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Short report
Changing patterns of disseminated gonococcal infection in France: cross-sectional data 2009–2011
  1. Anna Belkacem1,
  2. Eric Caumes2,
  3. Jocelyne Ouanich3,4,
  4. Vincent Jarlier5,
  5. Sophie Dellion1,
  6. Benoit Cazenave1,
  7. Régis Goursaud6,
  8. Flore Lacassin6,
  9. Jacques Breuil3,4,
  10. Olivier Patey1,
  11. for the working group FRA-DGI
  1. 1Department of Infectious and Tropical Diseases, Centre Hospitalier Intercommunal, Villeneuve Saint Georges, France
  2. 2Department of Infectious and Tropical Diseases, Hopital Universitaire Pitié-Salpêtrière, University Pierre et Marie Curie, Paris, France
  3. 3Department of Microbiology, Centre Hospitalier Intercommunal, Villeneuve Saint Georges, France
  4. 4College of Bacteriology, Virology and Hygiene Hospital of Paris, Paris, France
  5. 5Department of Microbiology, Hopital Universitaire Pitié-Salpêtrière, University Pierre et Marie Curie, Paris, France
  6. 6Department of Internal Medicine, Centre Hospitalier Magenta, Nouvelle Calédonie
  1. Correspondence to Anna Belkacem, Department of Infectious and Tropical Disease, Hospital Villeneuve Saint Georges, 40 Allée de la Source, Villeneuve Saint Georges 94 195, France; anna_belkacem{at}


Objectives Disseminated gonococcal infections (DGIs) are rare. We describe the characteristics of DGIs in France.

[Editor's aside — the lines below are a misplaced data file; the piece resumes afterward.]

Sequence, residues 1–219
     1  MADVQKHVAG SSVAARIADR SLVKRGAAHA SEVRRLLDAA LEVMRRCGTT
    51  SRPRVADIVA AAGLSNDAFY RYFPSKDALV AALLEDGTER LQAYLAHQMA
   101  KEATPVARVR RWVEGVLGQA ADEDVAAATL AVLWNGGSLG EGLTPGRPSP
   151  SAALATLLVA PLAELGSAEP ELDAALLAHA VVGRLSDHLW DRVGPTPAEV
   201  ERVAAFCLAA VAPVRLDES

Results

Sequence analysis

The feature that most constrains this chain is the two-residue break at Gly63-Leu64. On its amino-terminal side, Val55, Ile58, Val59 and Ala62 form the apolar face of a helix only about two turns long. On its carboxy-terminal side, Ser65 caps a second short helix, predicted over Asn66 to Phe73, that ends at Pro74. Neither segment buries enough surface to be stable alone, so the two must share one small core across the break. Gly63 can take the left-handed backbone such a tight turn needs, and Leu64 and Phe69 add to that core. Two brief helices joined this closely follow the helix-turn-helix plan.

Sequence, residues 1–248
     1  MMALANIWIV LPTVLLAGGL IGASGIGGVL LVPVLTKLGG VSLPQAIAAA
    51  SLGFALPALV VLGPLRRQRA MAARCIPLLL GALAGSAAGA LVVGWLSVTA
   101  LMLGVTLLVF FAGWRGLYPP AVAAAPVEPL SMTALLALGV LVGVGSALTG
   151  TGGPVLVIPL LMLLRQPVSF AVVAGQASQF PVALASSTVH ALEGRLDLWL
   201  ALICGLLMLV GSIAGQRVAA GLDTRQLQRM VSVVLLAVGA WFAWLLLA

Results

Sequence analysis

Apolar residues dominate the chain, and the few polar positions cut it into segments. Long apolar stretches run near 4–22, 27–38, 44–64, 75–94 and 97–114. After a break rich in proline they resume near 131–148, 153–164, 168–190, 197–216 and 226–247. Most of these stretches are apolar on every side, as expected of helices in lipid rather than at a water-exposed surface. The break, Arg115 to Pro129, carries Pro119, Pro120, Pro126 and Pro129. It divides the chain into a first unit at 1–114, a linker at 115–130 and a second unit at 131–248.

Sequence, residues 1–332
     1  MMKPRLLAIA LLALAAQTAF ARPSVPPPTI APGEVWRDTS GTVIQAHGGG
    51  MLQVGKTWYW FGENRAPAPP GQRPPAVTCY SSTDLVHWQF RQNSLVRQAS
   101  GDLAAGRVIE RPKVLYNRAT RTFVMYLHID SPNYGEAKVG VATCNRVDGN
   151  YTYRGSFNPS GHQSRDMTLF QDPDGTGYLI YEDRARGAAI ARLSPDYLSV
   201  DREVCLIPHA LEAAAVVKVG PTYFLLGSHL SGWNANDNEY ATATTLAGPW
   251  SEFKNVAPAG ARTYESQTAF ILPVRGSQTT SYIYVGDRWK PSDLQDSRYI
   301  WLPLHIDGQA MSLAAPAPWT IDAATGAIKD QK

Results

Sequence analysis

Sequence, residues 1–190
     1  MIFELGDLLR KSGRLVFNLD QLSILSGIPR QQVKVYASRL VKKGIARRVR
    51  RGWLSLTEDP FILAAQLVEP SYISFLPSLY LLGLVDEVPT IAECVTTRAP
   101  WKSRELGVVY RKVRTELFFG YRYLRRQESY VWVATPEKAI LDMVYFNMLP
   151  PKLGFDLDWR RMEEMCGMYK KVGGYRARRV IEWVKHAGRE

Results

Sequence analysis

Methods This is a 3-year retrospective analysis of DGI cases collected through two networks of microbiologists and infectious disease specialists in France between 2009 and 2011. DGI was defined either by the isolation of Neisseria gonorrhoeae from blood and synovial fluid or by the existence of a clinical syndrome consistent with DGI and the isolation of N gonorrhoeae from any site. We describe the epidemiological, clinical and microbiological characteristics and outcomes of DGIs.

Results 21 patients (9 women, 12 men; 18–62 years old) were diagnosed with DGI. The number of DGI cases increased between 2009 and 2011. Two men who had sex with men were coinfected with HIV. We found 28 extragenital locations, including arthritis (14 cases), tenosynovitis (7), skin lesions (4), endocarditis (1), prostatitis (1) and pelvic inflammatory disease (1). Genital signs were present in five patients. The diagnosis was confirmed by cultures in 20 patients—blood (4), synovial fluid (11), genital (3), throat (1), urine (1)—and by molecular biology on a pharyngeal swab in 1 patient. Seven cases were resistant to fluoroquinolones. The patients were treated with ceftriaxone, associated with corticosteroids (two cases) and surgery (six cases). Four patients had joint sequelae.

Conclusions DGIs are increasing. Men seem to be at higher risk than women. Joint involvement was common. Microbiological diagnosis was based on culture, however molecular biology using pharyngeal swabs was helpful when cultures were negative.


Statistics from


Neisseria gonorrhoea infection was the second most commonly declared sexually transmitted infection (STI) in France in 2010.1 Moreover, according to the monitoring networks RENAGO (Réseau National des gonocoques) and ResIST (Réseau de surveillance des Infections Sexuellement Transmissibles),2 gonococcal infections are increasing in France and in other countries such as the USA3 and in Europe.4

Disseminated gonococcal infection (DGI) has been estimated to account for 0.5–3% of gonococcal infections.5 DGI is usually referred to as a clinical triad with skin lesions, arthritis and tenosynovitis.6 ,7 Before the era of antibiotics, DGI and gonococcal endocarditis were observed.

The last two major reports on DGIs were published in 1983 and 1994, and included 49 and 41 patients, respectively.6 ,7 Therefore the question of modifications of DGI presentation during the last two decades can be raised. We evaluated the epidemiological, clinical and microbiological features of DGI and the associated treatment and outcome.